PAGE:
That costs a lot of money: $1.5bn. The cost of this obsession with austerity that says that the balance sheet is the ultimate measure of a success of a community, for the lack of a few million dollars – or even the lack of a $140 a day, which is what it would have cost to treat the water with a corrosion control agent, less than $50,000 for the entire year. For the lack of that investment, there will be a cost born either by the government to make it right, or by an entire generation of kids who will suffer as a result.

There are consequences to the fact that we have not addressed the need to support these older communities that are struggling – and it is a consequence too much for us to bear.

Congressman Dan Kildee represents Michigan’s 5th district in the US House of Representatives, where he is currently pushing for a federal aid package for Flint.

 
 
 
 

What can other cities learn about water shortages from Cape Town’s narrow escape from ‘Day Zero’?

Cape town. Image: Pixabay/creative commons.

Cape Town was set to run dry on 12 April, leaving its 3.7m residents without tap water.

“Day Zero” was narrowly averted through drastic cuts in municipal water consumption and last-minute transfers from the agricultural sector. But the process was painful and inequitable, spurring much controversy.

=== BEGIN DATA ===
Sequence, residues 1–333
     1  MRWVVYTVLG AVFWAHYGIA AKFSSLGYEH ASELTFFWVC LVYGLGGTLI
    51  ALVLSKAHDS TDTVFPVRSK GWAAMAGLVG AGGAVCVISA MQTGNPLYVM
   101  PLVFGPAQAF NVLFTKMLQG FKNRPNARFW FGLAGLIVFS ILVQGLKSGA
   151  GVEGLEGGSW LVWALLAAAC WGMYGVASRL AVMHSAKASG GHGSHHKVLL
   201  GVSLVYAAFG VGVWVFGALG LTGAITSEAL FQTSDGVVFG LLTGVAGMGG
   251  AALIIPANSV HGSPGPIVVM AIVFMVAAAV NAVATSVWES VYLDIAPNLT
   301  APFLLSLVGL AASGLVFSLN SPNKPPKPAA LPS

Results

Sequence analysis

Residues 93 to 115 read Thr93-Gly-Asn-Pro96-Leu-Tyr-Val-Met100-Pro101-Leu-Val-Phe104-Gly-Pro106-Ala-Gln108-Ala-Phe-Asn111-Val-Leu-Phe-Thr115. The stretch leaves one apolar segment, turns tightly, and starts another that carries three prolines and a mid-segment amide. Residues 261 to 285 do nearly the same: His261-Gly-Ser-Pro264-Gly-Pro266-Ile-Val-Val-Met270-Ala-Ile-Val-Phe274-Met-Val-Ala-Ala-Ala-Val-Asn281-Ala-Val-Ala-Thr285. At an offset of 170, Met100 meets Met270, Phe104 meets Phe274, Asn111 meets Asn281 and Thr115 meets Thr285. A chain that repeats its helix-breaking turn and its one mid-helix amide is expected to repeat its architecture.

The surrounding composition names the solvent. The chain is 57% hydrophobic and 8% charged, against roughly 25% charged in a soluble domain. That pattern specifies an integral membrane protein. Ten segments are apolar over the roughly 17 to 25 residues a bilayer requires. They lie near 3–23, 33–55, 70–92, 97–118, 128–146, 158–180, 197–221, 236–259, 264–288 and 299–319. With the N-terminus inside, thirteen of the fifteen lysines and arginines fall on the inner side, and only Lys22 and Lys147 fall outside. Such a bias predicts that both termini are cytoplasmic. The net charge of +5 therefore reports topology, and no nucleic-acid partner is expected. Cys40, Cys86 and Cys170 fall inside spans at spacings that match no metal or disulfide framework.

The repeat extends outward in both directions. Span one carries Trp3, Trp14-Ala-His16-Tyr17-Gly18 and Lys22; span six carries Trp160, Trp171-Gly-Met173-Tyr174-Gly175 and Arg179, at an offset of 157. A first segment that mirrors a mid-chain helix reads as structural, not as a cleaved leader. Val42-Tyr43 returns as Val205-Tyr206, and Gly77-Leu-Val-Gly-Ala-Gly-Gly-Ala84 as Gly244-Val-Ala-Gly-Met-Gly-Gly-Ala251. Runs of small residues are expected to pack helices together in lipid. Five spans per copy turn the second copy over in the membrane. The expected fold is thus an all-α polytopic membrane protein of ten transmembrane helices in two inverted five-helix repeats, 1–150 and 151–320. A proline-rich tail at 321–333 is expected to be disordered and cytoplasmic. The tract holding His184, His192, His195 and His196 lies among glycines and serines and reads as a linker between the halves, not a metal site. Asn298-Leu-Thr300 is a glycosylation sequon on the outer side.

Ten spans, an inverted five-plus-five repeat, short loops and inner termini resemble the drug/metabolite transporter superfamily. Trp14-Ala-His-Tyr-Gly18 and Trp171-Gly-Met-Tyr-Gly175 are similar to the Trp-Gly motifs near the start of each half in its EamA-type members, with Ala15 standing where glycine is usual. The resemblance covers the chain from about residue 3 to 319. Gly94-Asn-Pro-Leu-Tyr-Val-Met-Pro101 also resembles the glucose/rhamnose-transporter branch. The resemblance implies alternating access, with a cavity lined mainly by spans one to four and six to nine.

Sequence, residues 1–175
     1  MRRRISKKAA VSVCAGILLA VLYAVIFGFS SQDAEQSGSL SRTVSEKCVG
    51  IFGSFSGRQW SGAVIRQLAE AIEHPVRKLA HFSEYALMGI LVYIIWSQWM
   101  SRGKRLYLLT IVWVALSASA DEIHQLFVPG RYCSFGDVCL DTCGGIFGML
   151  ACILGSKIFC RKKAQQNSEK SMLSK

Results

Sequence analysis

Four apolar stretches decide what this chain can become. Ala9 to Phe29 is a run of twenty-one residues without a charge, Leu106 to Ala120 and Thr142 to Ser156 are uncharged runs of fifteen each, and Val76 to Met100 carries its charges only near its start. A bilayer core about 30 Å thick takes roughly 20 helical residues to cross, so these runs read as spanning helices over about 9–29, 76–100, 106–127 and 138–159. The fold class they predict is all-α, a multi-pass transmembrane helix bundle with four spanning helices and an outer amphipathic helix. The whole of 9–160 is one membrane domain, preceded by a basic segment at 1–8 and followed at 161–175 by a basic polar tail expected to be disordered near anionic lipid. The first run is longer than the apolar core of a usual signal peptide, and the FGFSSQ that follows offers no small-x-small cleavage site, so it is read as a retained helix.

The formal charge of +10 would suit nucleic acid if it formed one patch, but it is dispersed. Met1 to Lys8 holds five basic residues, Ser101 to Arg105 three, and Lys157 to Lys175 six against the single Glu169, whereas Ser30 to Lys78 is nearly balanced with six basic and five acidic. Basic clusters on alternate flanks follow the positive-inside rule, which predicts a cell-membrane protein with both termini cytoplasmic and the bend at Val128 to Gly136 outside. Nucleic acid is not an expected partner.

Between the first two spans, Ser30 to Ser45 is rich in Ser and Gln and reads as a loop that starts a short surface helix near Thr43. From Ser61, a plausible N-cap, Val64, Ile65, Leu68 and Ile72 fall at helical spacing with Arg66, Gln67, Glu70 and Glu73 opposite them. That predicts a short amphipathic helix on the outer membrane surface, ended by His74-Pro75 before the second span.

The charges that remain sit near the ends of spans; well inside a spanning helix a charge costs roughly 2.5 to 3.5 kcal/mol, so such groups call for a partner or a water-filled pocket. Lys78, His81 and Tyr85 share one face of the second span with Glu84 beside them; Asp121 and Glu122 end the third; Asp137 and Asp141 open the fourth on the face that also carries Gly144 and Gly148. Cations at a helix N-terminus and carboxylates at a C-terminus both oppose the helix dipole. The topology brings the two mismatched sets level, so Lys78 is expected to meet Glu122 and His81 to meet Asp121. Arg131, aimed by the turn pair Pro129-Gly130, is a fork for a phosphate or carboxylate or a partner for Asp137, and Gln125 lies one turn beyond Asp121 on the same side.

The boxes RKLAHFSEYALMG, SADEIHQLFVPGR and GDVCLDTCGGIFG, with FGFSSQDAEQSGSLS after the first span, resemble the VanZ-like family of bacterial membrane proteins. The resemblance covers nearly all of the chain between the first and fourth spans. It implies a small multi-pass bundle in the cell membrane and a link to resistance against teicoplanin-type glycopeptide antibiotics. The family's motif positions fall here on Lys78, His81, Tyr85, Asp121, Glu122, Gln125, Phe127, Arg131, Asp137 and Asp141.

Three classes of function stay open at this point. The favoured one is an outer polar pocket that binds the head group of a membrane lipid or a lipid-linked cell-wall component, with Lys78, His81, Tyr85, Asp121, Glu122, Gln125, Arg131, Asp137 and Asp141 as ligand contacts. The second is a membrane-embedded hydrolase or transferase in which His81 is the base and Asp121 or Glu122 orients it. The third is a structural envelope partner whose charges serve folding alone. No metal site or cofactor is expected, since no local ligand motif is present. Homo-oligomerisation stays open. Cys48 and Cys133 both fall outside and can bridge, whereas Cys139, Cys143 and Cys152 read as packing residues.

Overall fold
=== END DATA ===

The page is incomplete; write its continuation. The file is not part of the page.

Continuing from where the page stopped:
The city managed to stave off “Day Zero,” but does that mean Cape Town’s water system is resilient?

We think not.

This may well foreshadow trouble beyond Cape Town. Cities across the Northern Hemisphere, including in Canada, are well into another summer season that has already brought record-setting heat, drought and flooding from increased run-off.

Water crises are not just about scarcity

Water scarcity crises are most often a result of mismanagement rather than of absolute declines in physical water supplies.

In Cape Town, lower than average rainfall tipped the scales towards a “crisis,” but the situation was worsened by slow and inadequate governance responses. Setting aside debates around whose responsibility it was to act and when, the bigger issue, in our view, was the persistence of outdated ways of thinking about “uncertainty” in the water system.

As the drought worsened in 2016, the City of Cape Town’s water managers remained confident in the system’s ability to withstand the drought. High-level engineers and managers viewed Cape Town’s water system as uniquely positioned to handle severe drought in part because of the vaunted success of their ongoing Water Demand Management strategies.

They weren’t entirely mistaken — demand management has cut overall daily consumption by 50 per cent since 2016. So what went wrong?


Limits to demand management

First, Cape Town’s approach to water management was not well-equipped to deal with growing uncertainty in rainfall patterns — a key challenge facing cities worldwide. Researchers at the University of Cape Town argued recently that the conventional models long used to forecast supply and demand underestimated the probability of failure in the water system.